It sounds to me as though gratitude is something of a wonder drug!  Some people keep a gratitude journal as a gratitude practice.  I include gratitude in my daily journaling, and I post “one wonderful thing” on Facebook every day; it’s really “one thing for which I’m grateful.”  I’m going to introduce the children to a “gratitude jar.”  How might you practice gratitude?
 
Some of us will be cooking this coming week for the Street Chaplaincy Thanksgiving Dinner.  I’m on Pumpkin Pie Patrol on Monday.  Keep us and the lovely folks who will consume what we make in your prayers.  Note that the Street Chaplaincy Interfaith Thanksgiving Service is Wednesday evening on Zoom;.  See details below - you need to RSVP to get the link.
 
I look forward to seeing you on Sunday when we will “consider the lilies.”  Two Sunday’s from now, we begin the season of Advent.  What might it mean, in 2021, as you wait for a new pastor, to “Prepare the Way” for Christ coming into our lives afresh?
 
Grace and peace,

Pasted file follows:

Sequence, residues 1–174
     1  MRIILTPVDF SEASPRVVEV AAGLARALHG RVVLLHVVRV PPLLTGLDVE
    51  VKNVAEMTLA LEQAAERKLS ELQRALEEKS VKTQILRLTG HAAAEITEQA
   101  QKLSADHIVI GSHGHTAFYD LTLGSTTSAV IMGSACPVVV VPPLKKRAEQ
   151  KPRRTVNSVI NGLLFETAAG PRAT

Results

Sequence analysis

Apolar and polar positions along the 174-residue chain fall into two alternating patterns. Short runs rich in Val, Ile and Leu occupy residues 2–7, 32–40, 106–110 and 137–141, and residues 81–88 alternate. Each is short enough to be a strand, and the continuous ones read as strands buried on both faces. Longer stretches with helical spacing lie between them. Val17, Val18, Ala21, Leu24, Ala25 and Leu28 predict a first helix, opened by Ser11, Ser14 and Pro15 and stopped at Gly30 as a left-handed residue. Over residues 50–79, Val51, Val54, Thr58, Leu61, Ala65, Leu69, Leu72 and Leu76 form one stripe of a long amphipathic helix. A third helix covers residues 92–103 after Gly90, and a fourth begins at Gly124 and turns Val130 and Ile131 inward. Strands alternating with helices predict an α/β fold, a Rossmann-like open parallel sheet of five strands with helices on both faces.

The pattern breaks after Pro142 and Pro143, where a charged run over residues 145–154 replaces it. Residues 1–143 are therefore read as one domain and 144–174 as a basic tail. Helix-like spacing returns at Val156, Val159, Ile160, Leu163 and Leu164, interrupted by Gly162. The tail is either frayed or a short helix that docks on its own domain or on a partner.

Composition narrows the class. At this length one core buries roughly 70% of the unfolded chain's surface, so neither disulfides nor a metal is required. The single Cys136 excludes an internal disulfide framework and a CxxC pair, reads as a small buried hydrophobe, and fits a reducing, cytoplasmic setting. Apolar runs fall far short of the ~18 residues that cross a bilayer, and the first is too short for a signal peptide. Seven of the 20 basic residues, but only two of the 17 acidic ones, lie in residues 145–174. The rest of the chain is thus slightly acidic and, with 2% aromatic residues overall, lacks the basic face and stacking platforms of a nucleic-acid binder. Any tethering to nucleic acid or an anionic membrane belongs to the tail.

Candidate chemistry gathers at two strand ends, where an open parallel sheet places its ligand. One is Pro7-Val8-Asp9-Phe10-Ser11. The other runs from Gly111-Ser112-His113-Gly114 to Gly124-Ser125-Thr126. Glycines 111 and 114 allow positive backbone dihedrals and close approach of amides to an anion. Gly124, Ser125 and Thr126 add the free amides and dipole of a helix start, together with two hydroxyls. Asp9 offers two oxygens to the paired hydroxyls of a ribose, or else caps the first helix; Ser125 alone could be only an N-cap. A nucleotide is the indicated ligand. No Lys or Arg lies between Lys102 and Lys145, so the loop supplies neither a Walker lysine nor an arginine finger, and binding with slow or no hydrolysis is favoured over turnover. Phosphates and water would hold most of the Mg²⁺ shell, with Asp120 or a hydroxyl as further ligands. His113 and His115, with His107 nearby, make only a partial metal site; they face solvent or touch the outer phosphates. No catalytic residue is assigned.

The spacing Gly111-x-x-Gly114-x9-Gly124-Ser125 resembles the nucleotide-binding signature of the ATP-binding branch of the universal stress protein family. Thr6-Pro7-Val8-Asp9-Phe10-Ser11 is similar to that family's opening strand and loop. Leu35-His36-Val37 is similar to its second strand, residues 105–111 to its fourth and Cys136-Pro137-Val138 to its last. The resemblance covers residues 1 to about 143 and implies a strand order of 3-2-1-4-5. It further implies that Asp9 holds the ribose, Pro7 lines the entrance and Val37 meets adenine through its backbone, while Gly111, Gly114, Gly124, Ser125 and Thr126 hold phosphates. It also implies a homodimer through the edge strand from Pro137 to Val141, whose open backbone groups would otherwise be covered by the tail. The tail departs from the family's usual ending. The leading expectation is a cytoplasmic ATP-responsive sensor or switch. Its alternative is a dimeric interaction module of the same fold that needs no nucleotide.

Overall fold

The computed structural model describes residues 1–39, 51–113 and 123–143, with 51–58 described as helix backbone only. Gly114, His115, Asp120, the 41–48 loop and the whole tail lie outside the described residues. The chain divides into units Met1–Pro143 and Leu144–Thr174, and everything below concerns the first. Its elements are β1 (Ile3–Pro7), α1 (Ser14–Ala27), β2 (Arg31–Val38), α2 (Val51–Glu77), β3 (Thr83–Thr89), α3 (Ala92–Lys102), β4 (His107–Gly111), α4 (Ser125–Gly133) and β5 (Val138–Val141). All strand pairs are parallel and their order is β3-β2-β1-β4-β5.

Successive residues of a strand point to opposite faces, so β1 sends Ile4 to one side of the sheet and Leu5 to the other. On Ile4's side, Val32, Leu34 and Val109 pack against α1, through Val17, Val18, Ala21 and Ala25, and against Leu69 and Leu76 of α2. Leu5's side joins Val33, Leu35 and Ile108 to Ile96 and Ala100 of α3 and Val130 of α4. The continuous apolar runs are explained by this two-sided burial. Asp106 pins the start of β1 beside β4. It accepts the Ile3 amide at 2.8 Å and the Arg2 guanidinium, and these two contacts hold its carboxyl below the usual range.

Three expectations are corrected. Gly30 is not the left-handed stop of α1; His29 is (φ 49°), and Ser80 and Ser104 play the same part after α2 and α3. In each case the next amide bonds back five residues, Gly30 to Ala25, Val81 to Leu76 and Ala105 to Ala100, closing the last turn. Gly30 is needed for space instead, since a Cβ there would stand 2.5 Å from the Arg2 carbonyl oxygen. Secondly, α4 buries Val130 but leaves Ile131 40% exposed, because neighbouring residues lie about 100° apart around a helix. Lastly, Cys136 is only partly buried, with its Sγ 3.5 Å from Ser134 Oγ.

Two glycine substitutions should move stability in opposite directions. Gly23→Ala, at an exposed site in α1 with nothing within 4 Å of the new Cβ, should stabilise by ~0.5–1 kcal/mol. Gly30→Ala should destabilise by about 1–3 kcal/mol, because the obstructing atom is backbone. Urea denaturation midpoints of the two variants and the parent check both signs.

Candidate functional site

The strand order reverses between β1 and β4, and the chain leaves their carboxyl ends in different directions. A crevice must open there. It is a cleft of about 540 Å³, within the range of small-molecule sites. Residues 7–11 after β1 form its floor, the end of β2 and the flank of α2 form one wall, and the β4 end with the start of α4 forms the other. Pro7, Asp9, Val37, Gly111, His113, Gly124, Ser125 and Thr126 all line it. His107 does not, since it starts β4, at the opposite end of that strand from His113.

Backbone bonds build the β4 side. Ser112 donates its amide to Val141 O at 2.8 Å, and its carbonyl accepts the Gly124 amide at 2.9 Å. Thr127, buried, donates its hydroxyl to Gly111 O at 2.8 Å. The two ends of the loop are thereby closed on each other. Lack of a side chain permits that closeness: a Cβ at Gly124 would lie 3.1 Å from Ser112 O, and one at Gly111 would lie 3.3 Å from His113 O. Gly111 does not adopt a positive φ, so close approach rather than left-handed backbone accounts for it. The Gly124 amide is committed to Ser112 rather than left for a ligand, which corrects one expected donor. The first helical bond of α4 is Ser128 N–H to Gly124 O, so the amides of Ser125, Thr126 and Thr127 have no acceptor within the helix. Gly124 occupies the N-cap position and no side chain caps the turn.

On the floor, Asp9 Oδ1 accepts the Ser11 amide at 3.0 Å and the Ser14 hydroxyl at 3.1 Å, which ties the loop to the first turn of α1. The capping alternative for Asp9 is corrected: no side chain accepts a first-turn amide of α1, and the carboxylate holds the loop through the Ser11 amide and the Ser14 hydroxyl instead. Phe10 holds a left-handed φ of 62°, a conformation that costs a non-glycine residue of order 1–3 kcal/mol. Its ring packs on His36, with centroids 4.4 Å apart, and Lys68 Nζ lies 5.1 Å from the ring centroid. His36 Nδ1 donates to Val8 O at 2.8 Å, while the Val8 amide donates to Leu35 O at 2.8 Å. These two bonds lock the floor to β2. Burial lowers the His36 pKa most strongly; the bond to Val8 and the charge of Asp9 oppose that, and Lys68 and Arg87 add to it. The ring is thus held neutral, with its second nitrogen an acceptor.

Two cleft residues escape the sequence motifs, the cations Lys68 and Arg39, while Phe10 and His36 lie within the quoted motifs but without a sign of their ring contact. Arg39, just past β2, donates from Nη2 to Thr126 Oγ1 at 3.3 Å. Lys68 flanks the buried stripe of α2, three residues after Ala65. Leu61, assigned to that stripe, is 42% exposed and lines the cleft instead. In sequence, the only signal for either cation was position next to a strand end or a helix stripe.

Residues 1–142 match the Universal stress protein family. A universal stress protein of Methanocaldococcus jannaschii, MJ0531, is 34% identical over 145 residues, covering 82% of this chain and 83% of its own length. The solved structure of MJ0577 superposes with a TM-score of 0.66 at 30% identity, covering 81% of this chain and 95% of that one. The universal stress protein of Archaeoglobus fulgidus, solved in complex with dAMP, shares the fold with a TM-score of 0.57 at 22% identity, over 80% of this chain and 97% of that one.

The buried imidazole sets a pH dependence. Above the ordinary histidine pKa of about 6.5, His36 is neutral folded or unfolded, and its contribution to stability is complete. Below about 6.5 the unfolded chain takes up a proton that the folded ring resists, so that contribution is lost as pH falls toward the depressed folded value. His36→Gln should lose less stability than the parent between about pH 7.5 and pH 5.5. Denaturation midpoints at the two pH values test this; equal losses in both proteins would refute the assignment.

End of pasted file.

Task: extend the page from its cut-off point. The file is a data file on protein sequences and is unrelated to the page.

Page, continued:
Joanne Whitt
Interim Pastor  

Posted by Joanne Whitt with

The Weekly View - November 12, 2011

Click here for the full NEWSLETTER

In This Issue
  • Weekly Message from Rev. Joanne Whitt
  • Weekly Facebook Video
  • Announcements & Upcoming Events
  • Outreach Opportunities & Updates
message from rev.  whitt

Dear St. Luke Family:

This past Sunday afternoon, the officers of the church (deacons and elders) and the pastor nominating committee met for the officers’ retreat.  It was a very fruitful afternoon, and the first time since my arrival as your interim pastor that the church leadership was able to gather in person to think and pray about St. Luke’s future.
 
We based the retreat on the work of author, former pastor, seminary vice president, speaker, and executive coach Tod Bolsinger.  Bolsinger wrote a book entitled Canoeing the Mountains: Church Leadership in Uncharted Territory(InterVarsity Press, 2014).  The book title refers to the Lewis and Clark expedition.  In searching for the elusive Northwest Passage, the expedition believed that what they experienced of North America east of the Mississippi River would continue west of the Mississippi.  They thought they would be able to canoe across the continent.  And then they hit the Rocky Mountains.  They weren’t prepared for what they encountered; they were in uncharted territory.  They had to change their expectations and let some things go in order to persist in their mission.